top of page
  • Writer's pictureNikola Simpson

Plastic Free Barbados

Updated: Apr 8, 2019

Did you know that Barbados imported over 100 million plastic bags last year? That's enough plastic to wrap around the island 368 times!

Just as the World has realised so too has Barbados that there are a range of health, environmental and economic impacts associated with plastic pollution. In a response, with effect from April 1, 2019, Barbados has banned the IMPORTATION of a list of petroleum based single use plastics.

This is not just something that was decided upon overnight. Led by a supportive administration, Minister and team and welcomed by many individuals and organisations in the environmental space, there were a range of stakeholder consultations with various representatives beginning in September 2018 . These served to discuss the upcoming ban and accommodate those individuals and businesses that import, sell, manufacture and use the items to be banned.

Fast forward to early April 2019 where Barbados has acted by taking a great first step to showing its' commitment to our health, that of the environment and our country.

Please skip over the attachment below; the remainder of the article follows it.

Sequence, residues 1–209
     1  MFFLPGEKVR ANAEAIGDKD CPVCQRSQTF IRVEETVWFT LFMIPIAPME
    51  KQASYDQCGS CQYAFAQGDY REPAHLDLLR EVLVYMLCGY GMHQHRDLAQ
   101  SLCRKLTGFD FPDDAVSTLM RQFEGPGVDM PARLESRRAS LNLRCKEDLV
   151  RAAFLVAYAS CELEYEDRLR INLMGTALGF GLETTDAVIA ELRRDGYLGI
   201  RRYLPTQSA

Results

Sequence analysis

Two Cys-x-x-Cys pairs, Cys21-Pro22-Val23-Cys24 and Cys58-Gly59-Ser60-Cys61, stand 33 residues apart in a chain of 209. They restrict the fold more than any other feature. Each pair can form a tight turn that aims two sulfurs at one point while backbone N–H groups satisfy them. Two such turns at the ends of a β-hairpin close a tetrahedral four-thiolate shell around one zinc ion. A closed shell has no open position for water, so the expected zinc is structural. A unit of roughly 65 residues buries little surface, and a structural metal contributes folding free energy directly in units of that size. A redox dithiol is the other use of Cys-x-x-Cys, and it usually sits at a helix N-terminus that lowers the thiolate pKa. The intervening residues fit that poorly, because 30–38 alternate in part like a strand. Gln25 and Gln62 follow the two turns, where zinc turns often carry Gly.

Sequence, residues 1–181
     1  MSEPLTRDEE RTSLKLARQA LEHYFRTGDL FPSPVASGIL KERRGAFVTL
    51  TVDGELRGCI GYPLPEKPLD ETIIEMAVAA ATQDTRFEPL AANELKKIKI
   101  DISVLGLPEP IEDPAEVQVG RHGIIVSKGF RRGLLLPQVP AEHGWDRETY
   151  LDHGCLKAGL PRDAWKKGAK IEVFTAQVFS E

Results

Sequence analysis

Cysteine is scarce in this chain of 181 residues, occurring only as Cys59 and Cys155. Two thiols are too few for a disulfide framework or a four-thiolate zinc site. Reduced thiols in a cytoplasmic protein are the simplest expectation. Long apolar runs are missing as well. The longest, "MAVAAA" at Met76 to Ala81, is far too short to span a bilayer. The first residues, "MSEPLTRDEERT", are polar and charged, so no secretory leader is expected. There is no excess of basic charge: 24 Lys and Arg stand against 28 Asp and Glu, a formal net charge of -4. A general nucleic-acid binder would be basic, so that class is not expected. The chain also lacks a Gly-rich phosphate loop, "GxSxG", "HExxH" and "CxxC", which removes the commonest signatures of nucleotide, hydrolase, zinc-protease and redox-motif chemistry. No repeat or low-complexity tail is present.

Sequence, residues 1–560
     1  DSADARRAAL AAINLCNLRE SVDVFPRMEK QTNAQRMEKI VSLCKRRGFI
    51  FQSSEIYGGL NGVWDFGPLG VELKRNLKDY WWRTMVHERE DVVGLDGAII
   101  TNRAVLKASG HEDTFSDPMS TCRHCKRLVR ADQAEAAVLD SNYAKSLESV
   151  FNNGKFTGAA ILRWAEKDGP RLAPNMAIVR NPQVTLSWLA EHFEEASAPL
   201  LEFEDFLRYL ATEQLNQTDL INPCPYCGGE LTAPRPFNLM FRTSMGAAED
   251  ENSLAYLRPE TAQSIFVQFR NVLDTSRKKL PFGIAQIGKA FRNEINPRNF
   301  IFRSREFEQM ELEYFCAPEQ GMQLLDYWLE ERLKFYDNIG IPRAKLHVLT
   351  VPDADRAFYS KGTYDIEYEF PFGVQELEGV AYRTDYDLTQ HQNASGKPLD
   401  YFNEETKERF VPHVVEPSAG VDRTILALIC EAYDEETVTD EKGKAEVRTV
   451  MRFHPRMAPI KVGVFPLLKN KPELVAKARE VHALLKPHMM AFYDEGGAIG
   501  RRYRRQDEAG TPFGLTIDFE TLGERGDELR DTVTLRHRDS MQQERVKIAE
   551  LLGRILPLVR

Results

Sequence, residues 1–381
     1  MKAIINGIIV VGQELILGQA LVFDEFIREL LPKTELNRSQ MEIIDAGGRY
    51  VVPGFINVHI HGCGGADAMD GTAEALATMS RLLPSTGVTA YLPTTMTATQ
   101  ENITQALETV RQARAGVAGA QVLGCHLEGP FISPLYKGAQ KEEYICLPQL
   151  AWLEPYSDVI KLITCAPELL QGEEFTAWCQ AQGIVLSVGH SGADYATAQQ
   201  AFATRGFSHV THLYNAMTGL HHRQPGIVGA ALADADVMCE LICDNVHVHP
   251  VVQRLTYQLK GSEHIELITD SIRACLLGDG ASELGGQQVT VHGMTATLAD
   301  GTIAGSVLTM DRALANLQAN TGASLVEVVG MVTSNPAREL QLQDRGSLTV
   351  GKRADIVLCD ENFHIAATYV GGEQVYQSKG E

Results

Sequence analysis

So what is next?

On July 1, 2019, Barbados will ban the retail, distribution and use of the items.

Nine months later on January 1, 2020, the ban on petroleum based plastic bags will come into effect.

So what is really being banned? Only the items below. If it is not in this list, it is not being banned now!

So what does this mean for you?

If you used to be an importer of any of the items listed above, you can no longer import them! (failing to comply will result in penalties that can be found in the Control of Disposable Plastics Act, 2019). If you distribute, retail and sell these items, you now have an additional 3 months to get rid of existing stock and search for an alternative that suits you before the ban on retail, distribution and vending comes into effect on July 1, 2019.

Some of the most recent concerns associated with the ban are the quality and price of some of the alternatives available on the local market. There is a range of biobased alternative (single use) food containers available locally with varying quality and price points with the number of distributors and locations selling an alternative increasing weekly. This provides options to suit many types of food being sold as well as a diversity of business needs.